Art and the artist.. and the audience
The question of separating art from a controversial artist is not new. Unfortunately, for us audience, this can leave some of us feeling a little guilty — especially if we still find ourselves enjoying their creations.
Hogwarts Legacy, the much anticipated Harry Potter game, came out a couple of days before this article was written. If you were a future anthropologist trying to figure out how humans felt about this release, you’d probably be left confused. I’m sure most people reading this have already heard/read/seen more than enough about the public backlash against J. K. Rowling’s comments on transgender rights, so I won’t recap it all here. Regardless of how you feel, I would just like to point out the irony that Harry Potter has now been condemned by groups both on the political right (for anti-Christian magic) and the political left (for Rowling’s anti-trans comments). Though many of us fell in love with the Harry Potter universe before, or perhaps even despite the controversy, we might now find ourselves in the ever-awkward position of asking “can I separate this art from the artist? Am I still allowed to enjoy this?”
The question of separating art from the artist is definitely not new. For example, 1869’s Richard Wagner (whose musical ‘leitmotifs’ directly precursor most film and game music) could’ve been good friends with 2023’s Ye (Kanye), bonding over their shared antisemitism on the Alex Jones show — maybe they could’ve even bonded over music a little too. And while it is very easy for us to detest their views, it is practically impossible for us to rip their influence out of the history of their art form. Unfortunately, for us audience, this can leave some of us feeling a little guilty — especially if we still find ourselves enjoying their creations.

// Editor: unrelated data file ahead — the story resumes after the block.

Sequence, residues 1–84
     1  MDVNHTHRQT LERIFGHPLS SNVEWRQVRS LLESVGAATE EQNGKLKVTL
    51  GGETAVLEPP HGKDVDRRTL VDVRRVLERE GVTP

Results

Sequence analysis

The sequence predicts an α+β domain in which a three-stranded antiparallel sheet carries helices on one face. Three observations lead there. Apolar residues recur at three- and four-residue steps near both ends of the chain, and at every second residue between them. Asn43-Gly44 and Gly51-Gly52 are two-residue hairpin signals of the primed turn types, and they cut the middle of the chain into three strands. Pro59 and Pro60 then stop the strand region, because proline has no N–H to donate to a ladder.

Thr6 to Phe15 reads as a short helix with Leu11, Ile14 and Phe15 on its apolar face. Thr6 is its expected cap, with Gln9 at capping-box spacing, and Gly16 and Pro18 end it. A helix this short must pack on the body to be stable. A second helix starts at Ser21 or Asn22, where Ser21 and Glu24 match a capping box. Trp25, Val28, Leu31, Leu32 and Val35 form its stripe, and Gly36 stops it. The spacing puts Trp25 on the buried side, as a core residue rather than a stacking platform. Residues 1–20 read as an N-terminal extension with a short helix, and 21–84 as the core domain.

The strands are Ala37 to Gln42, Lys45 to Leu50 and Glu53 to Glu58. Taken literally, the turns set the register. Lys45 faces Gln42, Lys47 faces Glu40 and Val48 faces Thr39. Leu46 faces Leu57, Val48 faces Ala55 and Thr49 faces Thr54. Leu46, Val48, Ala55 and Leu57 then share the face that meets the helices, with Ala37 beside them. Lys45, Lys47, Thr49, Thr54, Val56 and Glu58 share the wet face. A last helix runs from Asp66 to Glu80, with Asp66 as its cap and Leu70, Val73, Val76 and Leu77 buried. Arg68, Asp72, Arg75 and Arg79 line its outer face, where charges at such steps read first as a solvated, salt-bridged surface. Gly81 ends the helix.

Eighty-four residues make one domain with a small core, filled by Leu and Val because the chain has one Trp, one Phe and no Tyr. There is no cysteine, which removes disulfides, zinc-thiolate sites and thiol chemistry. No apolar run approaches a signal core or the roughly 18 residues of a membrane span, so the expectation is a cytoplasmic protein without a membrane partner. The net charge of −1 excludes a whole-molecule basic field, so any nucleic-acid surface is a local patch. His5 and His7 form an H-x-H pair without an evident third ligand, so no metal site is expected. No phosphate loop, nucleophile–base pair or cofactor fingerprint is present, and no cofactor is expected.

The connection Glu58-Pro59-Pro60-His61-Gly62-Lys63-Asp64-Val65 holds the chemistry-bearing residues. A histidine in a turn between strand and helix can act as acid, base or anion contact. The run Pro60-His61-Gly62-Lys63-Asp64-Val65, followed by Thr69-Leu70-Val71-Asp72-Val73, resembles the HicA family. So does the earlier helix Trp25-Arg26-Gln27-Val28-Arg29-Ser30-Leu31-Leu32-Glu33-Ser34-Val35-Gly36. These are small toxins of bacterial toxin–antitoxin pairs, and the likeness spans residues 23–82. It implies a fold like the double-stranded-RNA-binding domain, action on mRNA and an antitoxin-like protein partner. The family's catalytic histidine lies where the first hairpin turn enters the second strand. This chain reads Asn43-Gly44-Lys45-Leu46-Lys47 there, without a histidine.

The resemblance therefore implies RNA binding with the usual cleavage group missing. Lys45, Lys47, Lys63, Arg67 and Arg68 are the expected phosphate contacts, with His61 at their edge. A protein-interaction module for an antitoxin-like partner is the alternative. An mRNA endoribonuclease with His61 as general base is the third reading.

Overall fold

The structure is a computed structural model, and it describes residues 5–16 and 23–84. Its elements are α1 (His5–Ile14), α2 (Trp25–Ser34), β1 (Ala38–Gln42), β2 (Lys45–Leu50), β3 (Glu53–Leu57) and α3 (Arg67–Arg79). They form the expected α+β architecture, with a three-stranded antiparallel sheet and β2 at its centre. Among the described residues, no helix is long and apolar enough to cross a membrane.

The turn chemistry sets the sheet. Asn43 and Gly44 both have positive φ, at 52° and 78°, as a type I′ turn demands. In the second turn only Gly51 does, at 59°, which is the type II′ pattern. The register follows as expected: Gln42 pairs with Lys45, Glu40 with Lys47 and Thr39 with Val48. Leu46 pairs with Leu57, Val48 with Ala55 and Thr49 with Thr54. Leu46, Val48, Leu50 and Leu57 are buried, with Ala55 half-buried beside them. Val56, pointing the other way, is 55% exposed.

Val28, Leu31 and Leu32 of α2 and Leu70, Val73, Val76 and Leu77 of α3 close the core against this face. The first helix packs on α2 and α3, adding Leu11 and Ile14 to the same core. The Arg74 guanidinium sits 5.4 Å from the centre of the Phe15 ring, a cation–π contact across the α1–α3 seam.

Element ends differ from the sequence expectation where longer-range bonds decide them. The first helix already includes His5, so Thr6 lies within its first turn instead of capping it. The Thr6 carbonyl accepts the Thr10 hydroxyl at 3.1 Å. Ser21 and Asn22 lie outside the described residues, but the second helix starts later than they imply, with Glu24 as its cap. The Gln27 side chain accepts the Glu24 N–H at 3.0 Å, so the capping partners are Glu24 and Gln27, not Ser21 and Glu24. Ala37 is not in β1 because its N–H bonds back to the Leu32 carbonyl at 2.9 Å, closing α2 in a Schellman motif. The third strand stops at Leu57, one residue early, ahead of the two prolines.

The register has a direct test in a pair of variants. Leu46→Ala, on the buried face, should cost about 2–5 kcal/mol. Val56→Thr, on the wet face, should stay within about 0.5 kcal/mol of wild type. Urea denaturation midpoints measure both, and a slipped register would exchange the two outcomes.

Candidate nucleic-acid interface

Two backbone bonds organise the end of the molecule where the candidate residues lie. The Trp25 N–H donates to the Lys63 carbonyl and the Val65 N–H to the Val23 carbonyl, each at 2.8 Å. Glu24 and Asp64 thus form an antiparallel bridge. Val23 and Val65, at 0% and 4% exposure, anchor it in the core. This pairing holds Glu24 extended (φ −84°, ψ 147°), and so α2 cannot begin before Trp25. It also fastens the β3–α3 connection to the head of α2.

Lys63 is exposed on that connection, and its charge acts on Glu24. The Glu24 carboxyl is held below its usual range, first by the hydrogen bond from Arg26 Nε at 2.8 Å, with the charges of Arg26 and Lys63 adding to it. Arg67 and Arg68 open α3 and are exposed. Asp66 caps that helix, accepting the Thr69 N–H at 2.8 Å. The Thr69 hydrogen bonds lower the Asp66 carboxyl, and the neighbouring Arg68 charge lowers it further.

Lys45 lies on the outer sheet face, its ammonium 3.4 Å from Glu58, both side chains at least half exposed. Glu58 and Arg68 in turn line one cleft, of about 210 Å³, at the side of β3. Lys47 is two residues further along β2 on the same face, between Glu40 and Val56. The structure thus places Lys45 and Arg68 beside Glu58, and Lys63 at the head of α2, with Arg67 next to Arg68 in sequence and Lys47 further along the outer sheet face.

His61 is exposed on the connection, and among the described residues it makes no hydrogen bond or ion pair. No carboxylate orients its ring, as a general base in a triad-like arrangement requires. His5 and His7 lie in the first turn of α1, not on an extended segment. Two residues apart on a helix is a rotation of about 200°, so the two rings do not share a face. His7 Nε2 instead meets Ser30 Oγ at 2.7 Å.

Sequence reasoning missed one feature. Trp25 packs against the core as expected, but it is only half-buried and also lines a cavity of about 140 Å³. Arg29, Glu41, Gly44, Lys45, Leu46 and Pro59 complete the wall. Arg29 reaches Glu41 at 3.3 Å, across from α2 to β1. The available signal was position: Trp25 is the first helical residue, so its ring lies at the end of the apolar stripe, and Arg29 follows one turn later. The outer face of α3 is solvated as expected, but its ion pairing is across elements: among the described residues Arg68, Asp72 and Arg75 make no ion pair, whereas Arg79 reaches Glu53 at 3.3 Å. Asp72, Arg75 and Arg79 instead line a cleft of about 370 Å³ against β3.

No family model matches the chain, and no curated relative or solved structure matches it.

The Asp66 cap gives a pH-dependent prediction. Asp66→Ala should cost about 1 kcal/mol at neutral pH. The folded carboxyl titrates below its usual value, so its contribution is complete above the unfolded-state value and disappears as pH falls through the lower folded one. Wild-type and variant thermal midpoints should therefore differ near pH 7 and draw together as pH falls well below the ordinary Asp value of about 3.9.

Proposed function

One of the biggest arguments for abandoning the art of an artist comes down to financial support. This actually makes a lot of sense. If you listen to Ye’s music on a streaming service, he is still earning royalties from that. If you purchase Hogwarts Legacy, J. K. Rowling is still earning royalties from that. However, these people are not the only people involved in these creations. They are not the only people making a living from these creations. When the sitcom Rosanne was cancelled after Rosanne Barr’s racist tweets, the entire cast and crew was punished. I am not arguing for or against this specific cancellation, but I do think it is worth recognizing why it is so hard for us, the audience, to know what to do.
Each of us have to come to our own conclusions when it comes to choosing whether to still engage with the art we love, even if we hate some of the surrounding circumstances. I personally take solace in knowing that the one name in the limelight is never the only name that contributed to that art — and hopefully not the only name that benefits from it. Due to our narratives of history, and due to the way that our systems of intellectual property work, single people are immortalized as “geniuses” and given all the credit. When these geniuses fail, they fall quickly from our heroes to our villains. It is worth exploring how great ideas actually spring up from the cross-pollination of different people’s ideas across culture itself, rather than the product of a single great mind or artist. Whether art like the Wizarding World, or science like Newton’s Principia Mathematica, there is always more work done, conversations had, and ideas shared behind the limelight - by others in addition to the person whose name is on the front cover. Break through that myth of single “genius,” and you may just be able to enjoy Harry Potter again.